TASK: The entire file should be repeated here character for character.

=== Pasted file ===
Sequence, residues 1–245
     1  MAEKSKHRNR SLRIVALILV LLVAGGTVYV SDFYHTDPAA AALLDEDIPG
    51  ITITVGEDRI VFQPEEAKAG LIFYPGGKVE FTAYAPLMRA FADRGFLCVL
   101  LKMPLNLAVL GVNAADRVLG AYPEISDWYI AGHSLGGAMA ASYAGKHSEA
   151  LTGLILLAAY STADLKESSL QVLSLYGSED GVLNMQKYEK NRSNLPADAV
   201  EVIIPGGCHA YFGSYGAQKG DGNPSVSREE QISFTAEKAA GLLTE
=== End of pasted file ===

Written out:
Sequence, residues 1–245
     1  MAEKSKHRNR SLRIVALILV LLVAGGTVYV SDFYHTDPAA AALLDEDIPG
    51  ITITVGEDRI VFQPEEAKAG LIFYPGGKVE FTAYAPLMRA FADRGFLCVL
   101  LKMPLNLAVL GVNAADRVLG AYPEISDWYI AGHSLGGAMA ASYAGKHSEA
   151  LTGLILLAAY STADLKESSL QVLSLYGSED GVLNMQKYEK NRSNLPADAV
   201  EVIIPGGCHA YFGSYGAQKG DGNPSVSREE QISFTAEKAA GLLTE